Dear God. Where do I start?
Here’s the thing: as TWR’s long-distance friend, domesticated suburbanite, Sarcasm Linguistics Expert, and token conservative, I get a little lonely sometimes. I’m not all “big-city” anymore; I’ve lost my New York street cred. I’m not a friend of the biased liberal media; Jon Stewart and Rachel Maddow never invite me to their parties. Any vomit that I wipe off my clothes is sadly no longer my own, a reaction to the previous night’s festivities; it’s pureed sweet potato remains from my son’s most recent meal. Sure, I have the consolation of knowing that I’m always right and am therefore better than everyone else, but still: lonely. So I decided to surprise my commie friends at TWR by making a trip to DC and barging into the office to try and catch them in the act of talking about me behind my back.
What I found upon my arrival was even worse than I could have imagined. Because I had my kid strapped to my chest and flasks of liquor taped to each ankle (I figured it would be a long day), covert infiltration was difficult. I shoved a paci into the baby’s mouth and a flask into mine and cased the perimeter of the office, looking for an entry point. This search allowed me a view into every window—you could call me a panoramic witness of sorts. What follows is an account of the horror I beheld from all angles.
Juliet (the Founder) placed what she refers to as a breakfast sandwich into the office’s lone toaster. When she stepped away, I was able to get a look through the toaster window (and the office window: double-window technique, you’re welcome) at said sandwich. This was our first problem: green crap and flaxseed do not a breakfast sandwich make. What the hell?! If it doesn’t have bacon, egg, and cheese on it, it’s not a true breakfast sandwich. This hippie nonsense currently grilling in the trusty toaster was just insulting to breakfast connoisseurs worldwide (oh, did I not mention I’m also a breakfast expert? I thought you knew).
I walked to the next window because some foam was starting to block my current view, and that’s when I saw a male figure running away from the toaster as it sparked up. I can only assume it was Ryan (the Dude) as that good-for-nothing Tommy would never have shown up in time for breakfast. The smell of Axe body spray permeated the window, causing me and the baby to gag, so I hurried over to the next window in time to see a female poke her head in the room, look around guiltily, and disappear. It was Faith (the Doodler) and her stench was White Diamonds. Another change of location, another view: this time of the staff (now joined by Sarah (the Reader) and Alison (the Cooker), who tried to provide the Founder with advice on how to toast her bullshit hippie food. Excuse me, ladies—no one around here offers unsolicited advice but ME. Recognize.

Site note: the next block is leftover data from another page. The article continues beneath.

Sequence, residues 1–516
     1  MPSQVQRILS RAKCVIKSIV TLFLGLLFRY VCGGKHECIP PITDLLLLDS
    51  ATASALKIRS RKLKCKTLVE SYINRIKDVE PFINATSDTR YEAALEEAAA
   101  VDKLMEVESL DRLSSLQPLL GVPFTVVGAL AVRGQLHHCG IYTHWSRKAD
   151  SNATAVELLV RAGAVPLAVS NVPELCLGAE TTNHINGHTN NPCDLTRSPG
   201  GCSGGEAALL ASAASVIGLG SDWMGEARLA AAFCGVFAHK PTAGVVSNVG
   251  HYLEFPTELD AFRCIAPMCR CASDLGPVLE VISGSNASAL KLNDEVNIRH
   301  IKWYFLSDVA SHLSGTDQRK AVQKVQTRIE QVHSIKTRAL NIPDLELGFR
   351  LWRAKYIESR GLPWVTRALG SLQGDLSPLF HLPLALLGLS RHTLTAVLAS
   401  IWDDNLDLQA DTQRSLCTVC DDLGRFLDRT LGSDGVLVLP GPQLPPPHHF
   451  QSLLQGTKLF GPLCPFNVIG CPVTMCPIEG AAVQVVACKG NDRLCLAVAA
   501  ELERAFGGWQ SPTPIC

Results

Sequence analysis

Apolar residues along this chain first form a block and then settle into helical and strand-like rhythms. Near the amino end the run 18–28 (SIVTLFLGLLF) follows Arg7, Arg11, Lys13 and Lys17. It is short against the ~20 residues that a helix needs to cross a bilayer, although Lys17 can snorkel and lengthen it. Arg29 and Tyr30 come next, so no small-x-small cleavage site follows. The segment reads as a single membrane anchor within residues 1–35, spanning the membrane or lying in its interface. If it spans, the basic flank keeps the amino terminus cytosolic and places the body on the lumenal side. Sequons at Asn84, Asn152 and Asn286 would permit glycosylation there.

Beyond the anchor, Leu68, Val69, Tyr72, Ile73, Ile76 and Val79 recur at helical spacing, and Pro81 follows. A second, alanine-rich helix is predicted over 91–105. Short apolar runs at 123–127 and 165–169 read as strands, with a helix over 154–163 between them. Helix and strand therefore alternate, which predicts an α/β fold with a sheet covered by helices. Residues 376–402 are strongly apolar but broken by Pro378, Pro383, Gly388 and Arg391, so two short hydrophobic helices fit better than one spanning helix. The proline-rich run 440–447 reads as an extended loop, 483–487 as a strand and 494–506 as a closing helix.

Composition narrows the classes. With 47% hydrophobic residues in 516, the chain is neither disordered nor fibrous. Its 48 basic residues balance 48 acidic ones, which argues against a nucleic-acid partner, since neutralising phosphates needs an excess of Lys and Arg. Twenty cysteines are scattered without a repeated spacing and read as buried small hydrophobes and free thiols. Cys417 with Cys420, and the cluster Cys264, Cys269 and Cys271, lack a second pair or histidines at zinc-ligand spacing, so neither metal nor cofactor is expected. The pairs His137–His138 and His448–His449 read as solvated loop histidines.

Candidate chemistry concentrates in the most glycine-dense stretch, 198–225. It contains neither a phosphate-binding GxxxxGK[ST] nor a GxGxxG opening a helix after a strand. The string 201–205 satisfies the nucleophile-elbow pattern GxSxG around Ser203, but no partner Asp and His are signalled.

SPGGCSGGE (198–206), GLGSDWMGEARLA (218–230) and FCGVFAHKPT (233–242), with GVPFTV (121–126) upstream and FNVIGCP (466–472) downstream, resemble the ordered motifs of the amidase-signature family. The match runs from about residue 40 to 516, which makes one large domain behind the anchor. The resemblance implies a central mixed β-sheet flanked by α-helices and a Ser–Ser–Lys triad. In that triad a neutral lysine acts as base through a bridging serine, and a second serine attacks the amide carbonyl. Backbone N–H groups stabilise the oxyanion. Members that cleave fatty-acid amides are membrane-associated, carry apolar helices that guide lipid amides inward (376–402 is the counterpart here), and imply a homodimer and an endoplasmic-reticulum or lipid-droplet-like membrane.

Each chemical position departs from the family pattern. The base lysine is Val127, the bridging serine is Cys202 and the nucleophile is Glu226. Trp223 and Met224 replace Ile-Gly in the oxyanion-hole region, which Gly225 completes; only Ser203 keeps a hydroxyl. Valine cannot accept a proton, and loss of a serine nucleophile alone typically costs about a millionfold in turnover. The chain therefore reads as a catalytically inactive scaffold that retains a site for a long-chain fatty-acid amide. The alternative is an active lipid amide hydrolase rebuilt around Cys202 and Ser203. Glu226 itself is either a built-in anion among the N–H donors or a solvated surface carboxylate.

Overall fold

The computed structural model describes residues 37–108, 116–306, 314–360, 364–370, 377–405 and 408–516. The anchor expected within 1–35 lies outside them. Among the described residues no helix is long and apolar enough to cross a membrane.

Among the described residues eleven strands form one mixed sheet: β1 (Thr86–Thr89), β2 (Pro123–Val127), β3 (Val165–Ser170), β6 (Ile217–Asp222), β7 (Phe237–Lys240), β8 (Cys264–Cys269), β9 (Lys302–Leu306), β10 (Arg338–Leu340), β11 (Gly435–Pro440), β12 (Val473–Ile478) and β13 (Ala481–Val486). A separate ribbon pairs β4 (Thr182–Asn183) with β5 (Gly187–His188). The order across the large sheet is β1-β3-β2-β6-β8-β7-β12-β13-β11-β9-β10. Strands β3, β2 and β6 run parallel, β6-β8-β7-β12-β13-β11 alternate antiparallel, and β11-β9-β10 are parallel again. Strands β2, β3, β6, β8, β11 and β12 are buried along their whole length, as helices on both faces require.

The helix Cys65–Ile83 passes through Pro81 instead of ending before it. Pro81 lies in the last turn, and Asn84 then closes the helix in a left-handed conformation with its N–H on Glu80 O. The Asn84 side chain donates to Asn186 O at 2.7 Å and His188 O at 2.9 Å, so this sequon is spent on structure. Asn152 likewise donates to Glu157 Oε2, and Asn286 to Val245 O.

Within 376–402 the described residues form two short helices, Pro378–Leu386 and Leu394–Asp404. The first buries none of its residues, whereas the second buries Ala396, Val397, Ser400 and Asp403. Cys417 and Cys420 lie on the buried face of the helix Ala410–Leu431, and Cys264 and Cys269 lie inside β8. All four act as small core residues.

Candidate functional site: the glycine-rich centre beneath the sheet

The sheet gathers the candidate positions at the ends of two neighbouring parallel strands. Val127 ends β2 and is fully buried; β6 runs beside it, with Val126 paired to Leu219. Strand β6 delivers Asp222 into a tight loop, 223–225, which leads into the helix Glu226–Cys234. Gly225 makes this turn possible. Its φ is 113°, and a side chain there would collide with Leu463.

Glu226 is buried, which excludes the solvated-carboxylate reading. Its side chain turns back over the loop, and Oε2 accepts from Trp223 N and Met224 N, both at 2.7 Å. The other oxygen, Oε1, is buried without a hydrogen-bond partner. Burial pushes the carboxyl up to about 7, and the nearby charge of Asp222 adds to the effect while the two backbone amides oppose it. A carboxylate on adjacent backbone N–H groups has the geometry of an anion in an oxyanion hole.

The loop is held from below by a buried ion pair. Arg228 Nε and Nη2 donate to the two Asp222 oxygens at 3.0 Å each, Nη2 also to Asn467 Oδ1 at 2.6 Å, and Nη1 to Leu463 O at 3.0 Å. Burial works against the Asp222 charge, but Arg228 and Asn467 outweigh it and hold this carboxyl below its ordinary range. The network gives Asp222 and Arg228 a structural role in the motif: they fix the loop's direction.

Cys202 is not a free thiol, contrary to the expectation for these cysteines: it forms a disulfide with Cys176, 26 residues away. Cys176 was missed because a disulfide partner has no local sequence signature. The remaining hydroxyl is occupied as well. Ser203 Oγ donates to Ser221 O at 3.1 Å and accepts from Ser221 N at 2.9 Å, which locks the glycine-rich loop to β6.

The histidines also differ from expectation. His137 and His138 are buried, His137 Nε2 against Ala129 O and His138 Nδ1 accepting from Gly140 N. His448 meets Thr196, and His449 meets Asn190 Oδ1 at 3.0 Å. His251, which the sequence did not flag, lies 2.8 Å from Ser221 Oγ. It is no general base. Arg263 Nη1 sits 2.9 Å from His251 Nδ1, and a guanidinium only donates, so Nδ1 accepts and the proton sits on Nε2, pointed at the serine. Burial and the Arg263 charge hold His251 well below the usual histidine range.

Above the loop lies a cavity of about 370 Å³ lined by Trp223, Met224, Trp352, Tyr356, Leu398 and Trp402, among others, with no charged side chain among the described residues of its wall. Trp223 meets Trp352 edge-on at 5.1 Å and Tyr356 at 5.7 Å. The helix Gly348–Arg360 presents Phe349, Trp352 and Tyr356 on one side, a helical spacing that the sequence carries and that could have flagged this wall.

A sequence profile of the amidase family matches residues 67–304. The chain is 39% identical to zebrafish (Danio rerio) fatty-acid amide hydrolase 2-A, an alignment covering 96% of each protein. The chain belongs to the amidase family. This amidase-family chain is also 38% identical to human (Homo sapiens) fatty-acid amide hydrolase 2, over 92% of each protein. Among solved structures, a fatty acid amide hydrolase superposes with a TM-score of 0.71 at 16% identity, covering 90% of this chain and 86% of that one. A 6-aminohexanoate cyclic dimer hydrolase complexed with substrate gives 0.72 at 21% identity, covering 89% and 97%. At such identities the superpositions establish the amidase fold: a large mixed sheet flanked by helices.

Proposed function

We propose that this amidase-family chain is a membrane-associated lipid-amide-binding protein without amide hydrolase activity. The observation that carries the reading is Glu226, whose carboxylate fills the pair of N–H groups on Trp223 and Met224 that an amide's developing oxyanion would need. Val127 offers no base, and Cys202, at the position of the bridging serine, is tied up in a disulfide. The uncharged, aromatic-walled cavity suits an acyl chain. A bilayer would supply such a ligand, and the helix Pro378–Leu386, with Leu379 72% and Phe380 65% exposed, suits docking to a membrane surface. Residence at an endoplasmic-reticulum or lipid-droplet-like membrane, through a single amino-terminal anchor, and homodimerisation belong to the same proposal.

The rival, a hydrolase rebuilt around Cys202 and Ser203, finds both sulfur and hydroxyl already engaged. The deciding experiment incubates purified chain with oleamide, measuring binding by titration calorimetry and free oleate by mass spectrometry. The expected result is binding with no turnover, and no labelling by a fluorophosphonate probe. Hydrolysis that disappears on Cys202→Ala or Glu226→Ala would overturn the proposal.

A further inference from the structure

After a few minutes, the group cleared out, probably to go eat at some sustainable farm and hand out Planned Parenthood fliers. I gracefully got past my disappointment over not busting them gossiping about me (or mentioning me at all—weird) and took it upon myself to assess this grave situation with the toaster. The baby was asleep by this point so don’t bother asking him what happened next: I’ll just tell you. The toaster was sparking pitifully on the counter, stray flaxseeds scattered around its innards as if to mock its hard-working American ideals. I placed a finger on the toaster to test for heat and found it only slightly warm. The appliance was clearly on its last breath. I looked around for a piece of sausage or sourdough or something to give it an honorable last duty, but there was nothing befitting such a task, so I simply said a good Christian prayer over the toaster and began to walk away.
“Wait,” I heard behind me, and turned to see the toaster light up inside, then flicker red a couple of times.
“Yes, toaster?” I asked, because that is what one does when addressed by a toaster.
“I can tell you’re a good person,” the toaster said, and I smiled in recognition of the toaster’s assessment. “Can you do a dying toaster one last favor?”
“Anything, toaster,” I replied.
“Take me away from here so I can be laid to rest where I belong. Not in this corrupt town with these hippie writers who don’t even know what a good biscuit tastes like. Take me to a diner in a red state where the cooks use lard. Grant me this last wish?”
I teared up and took a swig from my flask. “You got it, toaster,” I whispered through a thick throat.
The toaster heaved a couple of ragged breaths. “Thank you,” it said. “Oh, and Romney Ryan 2012.” Then the lights went out and the toaster was no more.
And there you have my account of the events that transpired that fateful day. If I had to diagnose the source of the toaster’s demise, I would simply say this: it didn’t have me around to protect it and tell people how to use it correctly. (How many times do I have to tell you people that it’s all about me?) But I was there for the end, and for that I am grateful.
*As a back-up story, should it turn out that it was the material in my flask talking rather than the toaster, I would like to provide the likely explanation that the Dude did it. After all, guys don’t know how to cook/handle kitchen appliances, and there is this catchy precedent